Fluorescents reflecting on the inside of the train windows make it impossible to see out as we pull into the New Delhi station around 10 pm, back from a day-trip to the Taj Mahal. So we have no clue. We file slowly out of the air-conditioned first-class car into the sticky, 100-degree heat and onto a dusty concrete platform that is nothing less than carpeted in humanity: sleeping, sitting, eating, talking, standing, lounging, smoking, cradling, shuffling, cuddling, walking and, frequently, maneuvering a large bundle of belongings, in sandals and saris and ballooning shorts, open shirts and khakis, over every square centimeter. We edge, mostly sideways, through this density toward the pedestrian overpass that will deposit us on the opposite platform that leads outside the station. We hold hands, like we never do anymore, tightly, but functionally. We’ve read about stampedes in those undifferentiated foreign places that seem exotic to gringos. We don’t talk about it. But we’re all pretty sure that one spark and people would die. And maybe some of those people would be us.
The stairs are impassable. But somehow as you lift your foot to the first step you find a toehold that you didn’t see a moment before or that wasn’t there. Like some gelatin river, the crowd haltingly, imperceptibly flows around you, even when the crowd is not moving, and you flow around the crowd. You make it to the overpass and glance back down the stairs to see who you’ve lost, maybe forever. Where’s your friend from Australia? Where’s the Indian account executive who’s been assigned as your guide? No time to do anything about it. You have to hold that hand and keep flowing.
Up on the overpass, there are many people asleep, many, many people, whole families lying on their sides, spooning in the pathway (or where the pathway could be). Some of them have laid down a swatch of cloth, most are on the grimy concrete. Tiny old, white-haired grandmothers and dark brown grandfathers, too old to be here; three-, four- and five-year-olds, too young — along with parents and uncles and aunts and neighbors, too. Intermingled are huddled women from a village or slum, circled, facing each other, hiding in plain sight, as well as seated, silent men, looking serious together, like they share some profound determination. You step like a toe-dancer, so as not to break tiny old-lady legs or tip over and crush a toddler with your well-fed gringo heft. You can’t escape the feeling that you’ve stepped into a movie. Gandhi, of course, the only cliche you know about India. You are a rich, ignorant gringo, no doubt about it. But, just look.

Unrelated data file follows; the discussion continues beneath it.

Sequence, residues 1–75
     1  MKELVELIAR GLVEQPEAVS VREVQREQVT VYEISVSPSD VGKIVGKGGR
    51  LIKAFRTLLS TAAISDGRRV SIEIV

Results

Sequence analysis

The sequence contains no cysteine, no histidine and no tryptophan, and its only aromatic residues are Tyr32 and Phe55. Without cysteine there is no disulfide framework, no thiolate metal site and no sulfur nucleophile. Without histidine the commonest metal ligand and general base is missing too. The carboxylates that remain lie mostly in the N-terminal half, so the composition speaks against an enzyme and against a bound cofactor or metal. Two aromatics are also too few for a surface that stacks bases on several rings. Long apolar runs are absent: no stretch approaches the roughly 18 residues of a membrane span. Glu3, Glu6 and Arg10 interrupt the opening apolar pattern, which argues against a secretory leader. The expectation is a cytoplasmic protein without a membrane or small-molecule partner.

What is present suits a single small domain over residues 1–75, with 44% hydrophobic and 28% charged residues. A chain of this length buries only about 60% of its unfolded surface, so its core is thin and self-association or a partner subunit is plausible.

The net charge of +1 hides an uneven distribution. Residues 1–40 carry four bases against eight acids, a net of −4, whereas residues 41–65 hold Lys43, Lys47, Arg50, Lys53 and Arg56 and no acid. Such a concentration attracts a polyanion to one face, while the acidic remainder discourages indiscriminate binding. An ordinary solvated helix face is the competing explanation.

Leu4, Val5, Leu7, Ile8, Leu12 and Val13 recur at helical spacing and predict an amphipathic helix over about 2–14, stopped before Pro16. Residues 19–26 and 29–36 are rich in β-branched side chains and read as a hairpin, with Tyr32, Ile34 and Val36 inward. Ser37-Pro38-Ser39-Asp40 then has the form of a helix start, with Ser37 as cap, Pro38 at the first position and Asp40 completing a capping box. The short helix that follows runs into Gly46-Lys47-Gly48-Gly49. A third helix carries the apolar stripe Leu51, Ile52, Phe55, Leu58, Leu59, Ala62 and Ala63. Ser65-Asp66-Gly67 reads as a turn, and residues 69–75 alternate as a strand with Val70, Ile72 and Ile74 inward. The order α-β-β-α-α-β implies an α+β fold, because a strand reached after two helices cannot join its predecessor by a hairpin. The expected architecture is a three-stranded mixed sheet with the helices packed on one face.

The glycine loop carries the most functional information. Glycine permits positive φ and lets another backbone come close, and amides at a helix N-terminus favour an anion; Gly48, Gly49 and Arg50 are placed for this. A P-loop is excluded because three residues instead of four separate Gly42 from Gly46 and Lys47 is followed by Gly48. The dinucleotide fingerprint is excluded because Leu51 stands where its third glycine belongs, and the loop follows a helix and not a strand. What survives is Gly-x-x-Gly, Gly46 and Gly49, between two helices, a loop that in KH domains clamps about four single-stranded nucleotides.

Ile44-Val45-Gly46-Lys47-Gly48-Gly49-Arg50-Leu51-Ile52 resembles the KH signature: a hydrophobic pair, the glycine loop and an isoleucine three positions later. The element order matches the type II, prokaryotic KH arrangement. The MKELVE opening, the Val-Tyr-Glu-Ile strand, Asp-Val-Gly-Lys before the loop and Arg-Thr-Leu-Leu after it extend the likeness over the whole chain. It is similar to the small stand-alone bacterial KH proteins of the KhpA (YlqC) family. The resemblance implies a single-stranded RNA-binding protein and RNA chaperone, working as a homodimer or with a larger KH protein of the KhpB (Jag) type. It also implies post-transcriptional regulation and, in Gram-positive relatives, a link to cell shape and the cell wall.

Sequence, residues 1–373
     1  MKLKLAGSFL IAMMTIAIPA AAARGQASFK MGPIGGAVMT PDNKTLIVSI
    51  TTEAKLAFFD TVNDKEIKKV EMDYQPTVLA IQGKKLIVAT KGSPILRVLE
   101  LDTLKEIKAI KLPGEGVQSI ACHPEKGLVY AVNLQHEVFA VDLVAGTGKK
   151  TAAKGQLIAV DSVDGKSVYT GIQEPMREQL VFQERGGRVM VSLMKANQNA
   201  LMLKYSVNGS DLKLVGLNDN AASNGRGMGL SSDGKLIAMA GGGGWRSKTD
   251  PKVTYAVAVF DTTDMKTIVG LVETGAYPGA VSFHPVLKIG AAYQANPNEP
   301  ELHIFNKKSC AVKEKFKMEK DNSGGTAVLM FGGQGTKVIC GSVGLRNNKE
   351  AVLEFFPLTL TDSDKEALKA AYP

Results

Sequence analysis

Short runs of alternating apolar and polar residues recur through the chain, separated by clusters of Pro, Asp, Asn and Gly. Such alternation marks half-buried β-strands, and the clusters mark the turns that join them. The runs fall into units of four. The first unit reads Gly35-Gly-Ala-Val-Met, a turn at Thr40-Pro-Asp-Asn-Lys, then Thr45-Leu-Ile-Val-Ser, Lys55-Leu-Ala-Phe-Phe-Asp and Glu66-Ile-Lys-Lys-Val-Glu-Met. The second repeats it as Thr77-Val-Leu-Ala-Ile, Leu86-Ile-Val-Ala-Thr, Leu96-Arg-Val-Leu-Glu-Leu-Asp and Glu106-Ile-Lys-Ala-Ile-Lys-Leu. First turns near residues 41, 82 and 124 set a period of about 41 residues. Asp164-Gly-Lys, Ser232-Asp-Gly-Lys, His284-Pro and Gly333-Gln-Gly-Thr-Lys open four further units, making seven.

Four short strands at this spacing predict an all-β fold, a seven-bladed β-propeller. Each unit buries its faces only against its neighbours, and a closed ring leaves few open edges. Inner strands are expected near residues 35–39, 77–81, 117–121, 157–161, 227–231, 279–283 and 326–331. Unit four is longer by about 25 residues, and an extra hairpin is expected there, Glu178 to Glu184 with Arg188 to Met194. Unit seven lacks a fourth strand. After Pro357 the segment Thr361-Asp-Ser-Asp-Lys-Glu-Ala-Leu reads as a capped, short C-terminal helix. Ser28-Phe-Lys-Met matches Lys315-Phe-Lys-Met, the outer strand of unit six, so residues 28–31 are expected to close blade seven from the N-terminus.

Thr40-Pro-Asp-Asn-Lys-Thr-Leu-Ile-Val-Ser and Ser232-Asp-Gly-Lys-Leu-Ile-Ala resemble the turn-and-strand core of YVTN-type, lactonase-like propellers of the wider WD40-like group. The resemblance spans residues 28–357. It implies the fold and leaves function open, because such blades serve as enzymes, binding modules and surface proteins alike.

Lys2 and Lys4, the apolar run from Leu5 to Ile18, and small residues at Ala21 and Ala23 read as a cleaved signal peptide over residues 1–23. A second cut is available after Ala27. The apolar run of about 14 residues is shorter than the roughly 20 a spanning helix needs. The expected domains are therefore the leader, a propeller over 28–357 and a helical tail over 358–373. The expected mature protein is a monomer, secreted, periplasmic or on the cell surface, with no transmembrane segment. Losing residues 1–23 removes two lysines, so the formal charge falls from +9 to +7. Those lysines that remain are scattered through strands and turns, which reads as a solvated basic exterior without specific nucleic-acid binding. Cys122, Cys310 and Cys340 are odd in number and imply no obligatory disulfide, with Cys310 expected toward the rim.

Descending the stairway on the other side, you worry about stumbling on a leg or a bundle and pitching down onto the platform 25-feet below, killing others and maiming yourself and maybe pulling her down with you. You loosen your grip on the hand. You’re almost there. But now that your subconscious thinks the danger is nearly passed, it allows you the luxury of outright fear, and your heart beats harder.
On this side of the station, the people aren’t only all over the platform, they’re all over the tracks, many, many people, mostly men, seated on the cross-ties between the rails, almost all facing west (where the next train will come from?). It looks like a nonviolent protest. From Gandhi. But it’s really just people on the tracks because there’s no room on the platform.
You make it down the stairs and cross the platform and glance back again. And there, way in the back of the procession, is the Australian. And there’s the AE. You pass through the relatively modest, Victorian-era waiting room (modest, relative to the Delhi area’s nine million population) and out into the driveway in front, which is jammed with standard black taxis, tricycle taxis, jitneys, buses and bikes. As your eyes adjust to the dimmer light, everywhere you look, every square centimeter that’s not covered by taxis and buses is, once again, covered by people — asleep, huddling, visiting, cooking, waiting. People, it feels like, as far as the eye can see.
Our intrepid band finally manages to reconstitute outside. The Indian chaperone says he’s never seen anything like it either. It’s not like this, he says. It’s not like this, you think, it’s not like the cliche. But it’s really not — the first thing you noticed arriving in India was that it had a vibrant, growing, robust and populous middle class. In the fancy hotel, you and her were the only gringos, alongside a lot of prosperous Indian families and businessmen. In the streets — along with the janky tricycles and occasional goat or cow — BMWs and Audis, too, with Indians at the wheel. The cliche is that India’s a hopelessly impoverished mess — and the hordes of beggars and sidewalk sleepers certainly support that point of view. But the truth, or as much as a gringo can glean of it, is clearly more than that. And, as a writer, you want to return home and not just re-tell the cliche. Outside the train station, your heart slows, and you release the hand. The Indian guide inquires of someone in the crowd and discovers there is a religious holiday coming up and these people are pilgrims traveling to the holy site. Because it’s not like this, ever, he assures us.
As you wait for the hired bus, something on the roof of the station catches your eye. You look up and see a band of monkeys lope across the eaves and hide behind the sign that says New Delhi.